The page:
3 Questions for the Connected-Car Crowd
How can automakers and suppliers create technology that is easier for drivers to use?
Automakers on the cutting edge of technology such as Audi, Ford and Mercedes-Benz, as well as mega suppliers such as Microsoft, Harman and Visteon, are gathering today at Telematics Detroit, an annual conference focused on the connected-car business. This segment of the automotive market -- which includes infotainment, emergency assistance and advanced safety systems -- is forecast to increase from $70 billion in 2012 to $80 billion in 2014, according to the market research firm Accenture.
With technology saturating our lives outside the vehicle, automakers are jockeying to provide the type of connectivity behind the wheel that consumers expect while seated at a computer or from the smartphone in their hand. Automakers such as Ford, with its Sync system, have proved that tech sells. And now, wireless carrier Verizon -- which last week acquired Hughes Telematics, the provider of the Mercedes-Benz Mbrace system -- and insurer State Farm are starting to take aim at captive consumers in cars.
But stakeholders -- as well as government regulators -- have much to sort out before the car fully morphs into a smartphone with wheels. The Detroit Free Press recently posed three questions concerning the connected car:
- How can carmakers stuff more digital features into the vehicle without distracting the driver -- and what's necessary versus unnecessary?
- How can manufacturers adapt their systems to technology preferences that vary throughout the world?
- How should automakers partner with tech companies to develop connectivity features?
All good questions, given that the paper plays to a company town, and the reporter received some pretty good answers. But from a consumer perspective, we put together our own three questions, and provide potential solutions if not ultimate answers.
A different take on the first question is why are automakers focused on stuffing more digital features into the car instead of making infotainment systems more intuitive and helpful?
Sure, automakers can offer Facebook and Twitter feeds in the dash, and maybe if it stops people from looking down at their smartphones to get their social media fix while driving, that’s a plus. But the interfaces that automakers are offering have a long way to go, as MyFord Touch proves. And let’s just make using a cell phone via Bluetooth easier first.
Speaking of which, is it time for automakers to abandon Bluetooth as a so-called standard and search for another, less frustrating solution?
Bluetooth has become deeply embedded, first for hands-free phone calls and now as a smartphone tethering application. But if you frequently switch vehicles like I do -- or, more likely, if you switch phones every 18 months like many people -- you know that the Bluetooth technology in phones and those in cars can be incompatible in terms of available features. Sometimes when you update the software and firmware on your phone, you lose in-vehicle functions. I’m starting to hear hushed calls for automakers to abandon Bluetooth for a standard that’s less clunky but familiar to consumers -- Wi-Fi fits this bill -- especially as data connectivity becomes more crucial.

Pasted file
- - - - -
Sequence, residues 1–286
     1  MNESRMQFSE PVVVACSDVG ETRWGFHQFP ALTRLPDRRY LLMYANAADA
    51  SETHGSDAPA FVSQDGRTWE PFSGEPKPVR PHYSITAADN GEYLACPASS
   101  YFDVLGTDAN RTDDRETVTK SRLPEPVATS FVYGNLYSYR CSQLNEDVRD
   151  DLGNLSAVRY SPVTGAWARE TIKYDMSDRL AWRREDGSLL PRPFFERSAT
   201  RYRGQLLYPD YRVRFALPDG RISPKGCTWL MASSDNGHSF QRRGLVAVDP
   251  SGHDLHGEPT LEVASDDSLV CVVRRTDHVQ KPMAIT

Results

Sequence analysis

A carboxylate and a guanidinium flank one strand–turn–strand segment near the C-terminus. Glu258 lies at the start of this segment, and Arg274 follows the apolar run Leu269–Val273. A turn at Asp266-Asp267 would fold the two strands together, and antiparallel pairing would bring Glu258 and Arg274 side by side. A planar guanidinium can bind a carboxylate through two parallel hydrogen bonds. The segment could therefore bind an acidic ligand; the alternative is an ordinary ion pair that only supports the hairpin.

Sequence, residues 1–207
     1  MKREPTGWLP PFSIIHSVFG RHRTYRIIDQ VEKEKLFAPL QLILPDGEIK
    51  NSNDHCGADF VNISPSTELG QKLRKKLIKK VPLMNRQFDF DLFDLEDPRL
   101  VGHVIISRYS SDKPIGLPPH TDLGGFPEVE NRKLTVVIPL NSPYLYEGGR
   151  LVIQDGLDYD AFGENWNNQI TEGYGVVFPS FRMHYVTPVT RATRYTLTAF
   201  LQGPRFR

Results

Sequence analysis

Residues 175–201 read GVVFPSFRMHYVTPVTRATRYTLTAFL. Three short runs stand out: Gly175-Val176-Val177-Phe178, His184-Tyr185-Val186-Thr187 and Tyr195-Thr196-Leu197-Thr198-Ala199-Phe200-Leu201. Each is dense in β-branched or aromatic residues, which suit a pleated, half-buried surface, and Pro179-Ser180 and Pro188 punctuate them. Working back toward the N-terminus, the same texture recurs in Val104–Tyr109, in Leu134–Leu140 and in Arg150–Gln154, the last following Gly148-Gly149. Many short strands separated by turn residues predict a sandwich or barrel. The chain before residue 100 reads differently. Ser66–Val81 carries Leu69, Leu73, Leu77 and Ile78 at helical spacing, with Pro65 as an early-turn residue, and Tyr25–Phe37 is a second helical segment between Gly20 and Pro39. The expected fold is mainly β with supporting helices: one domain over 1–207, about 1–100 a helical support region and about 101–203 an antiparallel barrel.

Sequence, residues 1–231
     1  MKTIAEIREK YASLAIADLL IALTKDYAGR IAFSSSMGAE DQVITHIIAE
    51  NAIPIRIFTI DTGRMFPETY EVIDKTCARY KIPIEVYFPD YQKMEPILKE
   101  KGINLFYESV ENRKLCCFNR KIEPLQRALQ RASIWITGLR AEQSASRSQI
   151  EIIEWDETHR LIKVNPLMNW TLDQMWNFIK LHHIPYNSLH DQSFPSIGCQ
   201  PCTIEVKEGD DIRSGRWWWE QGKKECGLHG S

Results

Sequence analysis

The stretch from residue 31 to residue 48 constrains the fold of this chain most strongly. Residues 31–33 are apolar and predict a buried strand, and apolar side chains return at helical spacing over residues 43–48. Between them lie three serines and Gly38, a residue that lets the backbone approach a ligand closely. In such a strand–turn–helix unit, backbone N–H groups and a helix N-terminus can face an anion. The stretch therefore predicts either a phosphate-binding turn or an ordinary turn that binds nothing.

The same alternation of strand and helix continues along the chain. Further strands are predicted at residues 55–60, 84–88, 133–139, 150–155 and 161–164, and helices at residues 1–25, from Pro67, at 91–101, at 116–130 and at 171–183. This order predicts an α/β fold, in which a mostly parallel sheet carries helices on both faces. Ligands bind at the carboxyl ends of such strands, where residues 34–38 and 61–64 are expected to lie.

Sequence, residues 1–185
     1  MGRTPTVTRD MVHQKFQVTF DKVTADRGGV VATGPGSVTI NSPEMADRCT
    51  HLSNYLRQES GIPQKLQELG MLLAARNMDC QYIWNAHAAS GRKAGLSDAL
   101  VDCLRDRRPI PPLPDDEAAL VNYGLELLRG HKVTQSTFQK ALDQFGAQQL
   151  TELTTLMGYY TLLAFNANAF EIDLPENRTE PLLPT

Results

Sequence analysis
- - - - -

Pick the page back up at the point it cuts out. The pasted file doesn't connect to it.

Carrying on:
Instead of, "How should automakers partner with tech companies to develop connectivity features?" a better question may be, "Why don’t they just get out of the way and let technology experts take over?"
A phrase frequently heard in connected-car circles is “decoupling technology from vehicles.” This essentially means getting away from trying to add current technology, such as the latest smartphones, to electronics that were designed for a car up to three years ago because of automakers’ long product lead times. Some have suggested that automakers should simply offer a screen in the dash and an open platform for outside developers to come up with technology.
While this approach has problems -- not the least of which is security concerns and automakers not willing to cede control of the dashboard -- there’s a growing move towards this concept. The Car Connectivity Consortium, made up of several major automakers and suppliers, has developed a standard called MirrorLink that lets drivers connect their smartphones so that some of the applications they’re familiar with, such as GPS navigation, streaming music services and such, are “mirrored” on an in-dash screen. This way drivers doesn’t have to use and learn a new interface -- plus it’s updated along with their phones.
I’ll be attending Telematics Detroit and covering developments from there in a column on Monday. And I’ll be looking for better answers to these question – and, I hope, solutions from automakers and suppliers.
[Source: The Detroit Free Press.]
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